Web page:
In Canada, where the list of municipalities banning bottled water is rapidly expanding (twelve municipalities so far in 2009), Nestlé Waters’ has mounted an extensive lobbying and public relations campaign to try and avert any more bans. In the days leading up to the city council vote on banning bottled water in Toronto, city councillors faced a barrage of lobbying from Nestlé Waters and the bottled water industry.

These frenzied attempts to sway votes away from a ban took place over the two days of debates when the industry brought a battery of lobbyists, corporate executives and industry associations into the council chamber to influence the vote. Bottled water industry representatives used lobbyists from the Sussex Strategy Group to intensively lobby city councillors. Active lobbying took place during the entire six-hour debate even while councillors were speaking. The industry also had communications and PR representatives Argyle Communications attend parts of the debate. The high-priced strategy ultimately failed to influence elected officials, who voted with a two-thirds majority to ban bottled water and reinvest in the public delivery of drinking water.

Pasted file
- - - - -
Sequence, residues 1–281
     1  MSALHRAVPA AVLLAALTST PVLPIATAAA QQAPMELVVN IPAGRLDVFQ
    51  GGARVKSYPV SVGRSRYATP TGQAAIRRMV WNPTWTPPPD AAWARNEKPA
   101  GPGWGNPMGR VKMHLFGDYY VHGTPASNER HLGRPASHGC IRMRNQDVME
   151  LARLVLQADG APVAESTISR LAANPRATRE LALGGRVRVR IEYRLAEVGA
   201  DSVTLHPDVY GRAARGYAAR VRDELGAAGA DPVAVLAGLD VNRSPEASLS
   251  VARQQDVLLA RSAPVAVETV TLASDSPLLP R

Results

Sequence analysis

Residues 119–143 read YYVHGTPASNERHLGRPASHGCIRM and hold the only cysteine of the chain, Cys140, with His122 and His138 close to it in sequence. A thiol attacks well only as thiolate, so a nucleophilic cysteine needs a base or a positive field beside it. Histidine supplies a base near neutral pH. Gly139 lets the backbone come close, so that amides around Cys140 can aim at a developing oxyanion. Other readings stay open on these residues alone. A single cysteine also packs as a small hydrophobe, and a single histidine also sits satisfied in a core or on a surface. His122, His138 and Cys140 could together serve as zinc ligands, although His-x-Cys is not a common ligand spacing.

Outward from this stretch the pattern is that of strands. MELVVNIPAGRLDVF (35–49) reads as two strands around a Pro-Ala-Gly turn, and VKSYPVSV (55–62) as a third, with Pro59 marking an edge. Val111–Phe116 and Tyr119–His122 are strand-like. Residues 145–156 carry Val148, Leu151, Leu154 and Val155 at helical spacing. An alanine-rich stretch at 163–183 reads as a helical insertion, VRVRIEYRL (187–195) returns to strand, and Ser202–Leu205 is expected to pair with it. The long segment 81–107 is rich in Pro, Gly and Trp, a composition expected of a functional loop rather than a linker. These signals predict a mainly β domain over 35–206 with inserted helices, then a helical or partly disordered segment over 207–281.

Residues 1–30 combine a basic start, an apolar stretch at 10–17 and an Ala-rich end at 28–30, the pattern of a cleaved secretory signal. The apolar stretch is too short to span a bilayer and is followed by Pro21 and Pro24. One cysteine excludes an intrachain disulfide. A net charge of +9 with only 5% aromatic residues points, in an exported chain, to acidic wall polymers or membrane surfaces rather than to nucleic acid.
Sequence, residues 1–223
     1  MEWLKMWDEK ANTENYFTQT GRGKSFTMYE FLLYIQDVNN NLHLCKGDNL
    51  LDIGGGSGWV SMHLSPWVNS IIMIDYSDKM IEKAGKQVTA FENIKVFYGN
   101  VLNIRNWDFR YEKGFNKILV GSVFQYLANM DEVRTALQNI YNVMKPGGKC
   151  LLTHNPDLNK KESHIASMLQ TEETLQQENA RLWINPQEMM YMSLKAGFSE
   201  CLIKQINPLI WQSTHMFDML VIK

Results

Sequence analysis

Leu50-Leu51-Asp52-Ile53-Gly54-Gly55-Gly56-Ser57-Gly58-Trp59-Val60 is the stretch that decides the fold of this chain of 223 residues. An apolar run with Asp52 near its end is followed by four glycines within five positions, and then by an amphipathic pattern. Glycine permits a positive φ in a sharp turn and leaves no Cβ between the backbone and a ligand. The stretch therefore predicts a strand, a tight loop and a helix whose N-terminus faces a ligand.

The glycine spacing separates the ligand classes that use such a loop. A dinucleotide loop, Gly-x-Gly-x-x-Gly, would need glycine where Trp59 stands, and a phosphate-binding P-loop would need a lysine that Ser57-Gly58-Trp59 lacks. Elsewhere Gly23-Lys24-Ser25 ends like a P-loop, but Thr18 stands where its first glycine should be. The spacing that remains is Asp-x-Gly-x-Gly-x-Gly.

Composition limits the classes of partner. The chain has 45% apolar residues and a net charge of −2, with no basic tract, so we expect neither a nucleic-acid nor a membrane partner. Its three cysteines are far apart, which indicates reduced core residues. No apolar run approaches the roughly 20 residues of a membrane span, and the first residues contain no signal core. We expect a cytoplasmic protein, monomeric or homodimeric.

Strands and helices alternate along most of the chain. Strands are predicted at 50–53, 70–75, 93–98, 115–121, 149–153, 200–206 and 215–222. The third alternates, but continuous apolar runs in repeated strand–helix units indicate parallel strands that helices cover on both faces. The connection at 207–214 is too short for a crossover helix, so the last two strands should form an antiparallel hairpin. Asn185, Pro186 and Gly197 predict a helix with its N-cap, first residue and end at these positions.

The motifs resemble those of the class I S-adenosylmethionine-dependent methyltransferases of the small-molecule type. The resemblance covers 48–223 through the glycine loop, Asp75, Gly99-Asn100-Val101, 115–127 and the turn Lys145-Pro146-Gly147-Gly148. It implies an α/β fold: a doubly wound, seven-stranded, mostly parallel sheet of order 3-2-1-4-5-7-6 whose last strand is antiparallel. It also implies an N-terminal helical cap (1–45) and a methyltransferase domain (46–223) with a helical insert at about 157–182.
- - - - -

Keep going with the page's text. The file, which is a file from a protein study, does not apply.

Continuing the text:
Since December 2008, when the Toronto motion passed, 10 bans have passed in Ontario municipalities. In the majority these cases Nestlé Waters has contacted city officials to either provide them with company information or to speak at committee or council meetings where the bans are being debated. It is unclear if Nestlé Waters has exclusive distribution deals with any of the municipalities it is contacting. This indicates that the company is frantically trying to curb the momentum of the bottled water backlash and sees municipal action on bottled water as a major threat to its bottom line.

Legal threats

A radio ad promoting Miami-Dade County’s tap water as a cleaner, safer and cheaper option than bottled water prompted Nestlé Waters North America to threaten to sue the County if the ads were not removed. The company leveled its threat at the County in October 2008 when the advertisements had already been on the air since August. At a point when bottled water sales are dropping, the harassment of Miami-Dade shows how much is at stake for this company and how it will aggressively counter criticism of not only its own brands but bottled water in general.

False Advertising

A full-page advertisement appeared in the Canadian newspaper the Globe and Mail in October 2008, that made a series of statements, including that: “most water bottles avoid landfill sites and are recycled”; “bottled water is the most environmentally responsible consumer product in the world”; and, “Nestlé Pure Life is a Healthy, Eco-Friendly Choice”.